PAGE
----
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Australian Politics and Politicians

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10 years 8 months ago #1 by Biteme
Australian Politics and Politicians was created by Biteme
Yeah right George, if that will ever happen... :S

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10 years 8 months ago #2 by ConcertForGeorgeNut
Replied by ConcertForGeorgeNut on topic Australian Politics and Politicians
G'day, Biteme

Is there any reason you can think of why it shouldn't happen ? What makes Australian politicians (or Australian politics) different from American politicians and politics ? What about if the voting public in Australia somehow demanded something similar to the American model in Australia ? What would happen ?

These are all just questions. I have no answers. But I do think it's a worthwhile idea to explore in Australian politics.

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10 years 8 months ago #3 by Tushy
Replied by Tushy on topic Australian Politics and Politicians
Australian Politics are like children - it drives me mad
- and the one eyed supporters are worse..

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10 years 8 months ago #4 by Biteme
Replied by Biteme on topic Australian Politics and Politicians
Well George, I can't think of any reason why it can't happen but you only have to watch them on TV & see how they carry on like children, it would be good if they could put their "ego's" to one side & work together(as we all do in the work place) but I don't think I will see it in my life time... :whistle:

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10 years 8 months ago - 10 years 8 months ago #5 by sozzled
Replied by sozzled on topic Australian Politics and Politicians
George posted a message yesterday in our In the News discussion which started a whole different discussion about the Australian political system. I tried to move his message and the responses but, in the process, I accidentally and unfortunately deleted his message. Sorry about that, George. :blush:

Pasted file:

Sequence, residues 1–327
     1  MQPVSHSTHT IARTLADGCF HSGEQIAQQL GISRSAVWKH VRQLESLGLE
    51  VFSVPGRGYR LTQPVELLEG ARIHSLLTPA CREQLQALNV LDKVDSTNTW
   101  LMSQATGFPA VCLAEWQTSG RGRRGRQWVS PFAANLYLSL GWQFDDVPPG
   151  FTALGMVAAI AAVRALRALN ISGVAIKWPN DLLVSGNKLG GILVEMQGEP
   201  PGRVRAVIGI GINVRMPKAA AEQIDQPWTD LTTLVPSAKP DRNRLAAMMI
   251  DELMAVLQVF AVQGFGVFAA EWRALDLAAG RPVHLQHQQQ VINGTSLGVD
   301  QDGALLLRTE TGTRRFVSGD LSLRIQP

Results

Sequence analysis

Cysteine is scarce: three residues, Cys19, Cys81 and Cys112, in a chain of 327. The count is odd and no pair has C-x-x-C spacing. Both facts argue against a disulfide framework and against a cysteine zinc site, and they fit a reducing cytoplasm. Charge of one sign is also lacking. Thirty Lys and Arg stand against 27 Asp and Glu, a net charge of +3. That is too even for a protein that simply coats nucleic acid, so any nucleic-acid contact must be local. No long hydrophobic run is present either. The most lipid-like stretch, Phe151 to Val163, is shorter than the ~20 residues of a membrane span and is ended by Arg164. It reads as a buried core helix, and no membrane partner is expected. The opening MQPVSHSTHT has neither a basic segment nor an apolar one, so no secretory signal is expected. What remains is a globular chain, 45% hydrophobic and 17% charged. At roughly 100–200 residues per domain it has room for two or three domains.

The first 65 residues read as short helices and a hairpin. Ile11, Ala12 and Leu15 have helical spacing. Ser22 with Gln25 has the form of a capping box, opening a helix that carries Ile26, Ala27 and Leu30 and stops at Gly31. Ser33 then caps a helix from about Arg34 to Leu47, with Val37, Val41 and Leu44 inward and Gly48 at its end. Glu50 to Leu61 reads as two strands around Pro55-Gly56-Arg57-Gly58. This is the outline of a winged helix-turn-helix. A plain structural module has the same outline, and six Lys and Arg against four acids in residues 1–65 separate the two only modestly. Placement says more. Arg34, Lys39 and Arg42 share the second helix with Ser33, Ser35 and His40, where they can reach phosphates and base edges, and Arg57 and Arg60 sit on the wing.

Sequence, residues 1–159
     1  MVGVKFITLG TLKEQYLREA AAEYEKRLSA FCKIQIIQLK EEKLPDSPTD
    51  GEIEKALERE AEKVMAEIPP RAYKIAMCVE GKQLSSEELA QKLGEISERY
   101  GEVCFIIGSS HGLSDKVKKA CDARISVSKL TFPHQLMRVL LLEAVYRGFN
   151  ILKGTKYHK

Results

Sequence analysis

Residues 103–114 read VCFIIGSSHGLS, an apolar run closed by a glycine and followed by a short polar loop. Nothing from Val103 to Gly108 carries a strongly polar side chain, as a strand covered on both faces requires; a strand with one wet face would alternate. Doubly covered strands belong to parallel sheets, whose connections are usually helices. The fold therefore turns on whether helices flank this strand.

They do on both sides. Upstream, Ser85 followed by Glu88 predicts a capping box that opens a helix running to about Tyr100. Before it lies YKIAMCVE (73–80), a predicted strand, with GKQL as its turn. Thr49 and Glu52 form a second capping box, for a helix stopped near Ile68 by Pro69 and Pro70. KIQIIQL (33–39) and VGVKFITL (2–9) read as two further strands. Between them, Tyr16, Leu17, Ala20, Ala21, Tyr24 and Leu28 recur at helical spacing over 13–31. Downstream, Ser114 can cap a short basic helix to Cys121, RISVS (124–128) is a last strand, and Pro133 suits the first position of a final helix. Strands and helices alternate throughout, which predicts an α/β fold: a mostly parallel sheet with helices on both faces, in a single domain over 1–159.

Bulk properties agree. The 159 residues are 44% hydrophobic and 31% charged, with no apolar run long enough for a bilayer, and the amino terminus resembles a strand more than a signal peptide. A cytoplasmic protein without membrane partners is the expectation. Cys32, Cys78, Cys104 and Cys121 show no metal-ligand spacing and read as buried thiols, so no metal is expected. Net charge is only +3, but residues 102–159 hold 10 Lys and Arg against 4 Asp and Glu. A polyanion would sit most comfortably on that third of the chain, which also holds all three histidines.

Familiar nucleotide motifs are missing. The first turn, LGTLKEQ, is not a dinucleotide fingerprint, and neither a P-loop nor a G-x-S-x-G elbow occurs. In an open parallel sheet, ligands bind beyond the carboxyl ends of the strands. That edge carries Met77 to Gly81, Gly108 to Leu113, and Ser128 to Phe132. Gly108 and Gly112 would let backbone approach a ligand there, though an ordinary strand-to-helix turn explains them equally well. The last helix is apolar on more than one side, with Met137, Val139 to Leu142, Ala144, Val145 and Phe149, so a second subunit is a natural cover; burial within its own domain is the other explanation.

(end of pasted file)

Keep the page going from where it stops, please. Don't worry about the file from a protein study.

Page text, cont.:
Fortunately - thank goodness I had a copy of George's original message as part of The Quoroom's RSS news feed that's delivered each day to my mobile phone - I'm able to reproduce what George wrote, that started this discussion and explains what Biteme meant with his sarcastic comment "Yeah right, George, if that will ever happen ..."

ConcertForGeorgeNut wrote:

Since the election of Barack Obama in the USA I have been interested in following the process of putting together his support and advisory team. He's included a number of people in the team from the "opposition", Republican party. People have been chosen on the basis of their abilities and not their politics. Wouldn't it be great if we could do something similar in Australia?"


If you think I'm wrong then say "I think you're wrong". If you say, "You're wrong", how do you know?
Last edit: 10 years 8 months ago by sozzled.

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10 years 8 months ago - 10 years 8 months ago #6 by sozzled
Replied by sozzled on topic Australian Politics and Politicians
In response to what George suggested, I have a couple of points to make to clarify the differences between the Australian and United States systems of appointing cabinet ministers.

Firstly, in the USA, the President is the only elected member of the executive government (the Vice-President can assume executive responsibility in the absence of the President, but otherwise his duties are to act as the President of the Senate - the upper house of the country's legislature). All other cabinet portfolios are allocated to whomever the President chooses. In terms of the executive's accountability to the legislature, cabinet portfolio nominees must be approved by the Congress. Other than that, ministers are irregularly called before the Congress to account for their departments actions or appropriations of funds, but I think it's actually more difficult for Congress to hold the executive government to account than the system we have in Australia.

In Australia, the executive government is appointed by the Governor-General. The G-G appoints the Prime Minister and the other Queen's Ministers of State. Under Section 64 of the Constitution, all Ministers must be sitting members of Parliament. Although the Parliament doesn't "approve" ministerial appointments, under the Westminster tradition Ministers keep their jobs for as long the Parliiament has "confidence" in them; if a no-confidence resolution is successful, Ministers are expected to do the"honourable thing" and resign their portfolio. Therefore, the Prime Ministers choose their Ministers from within their own political party or coalition of parties; to do otherwise would potentially cause a revolt by disaffected members of their own party in cahoots with the Opposition.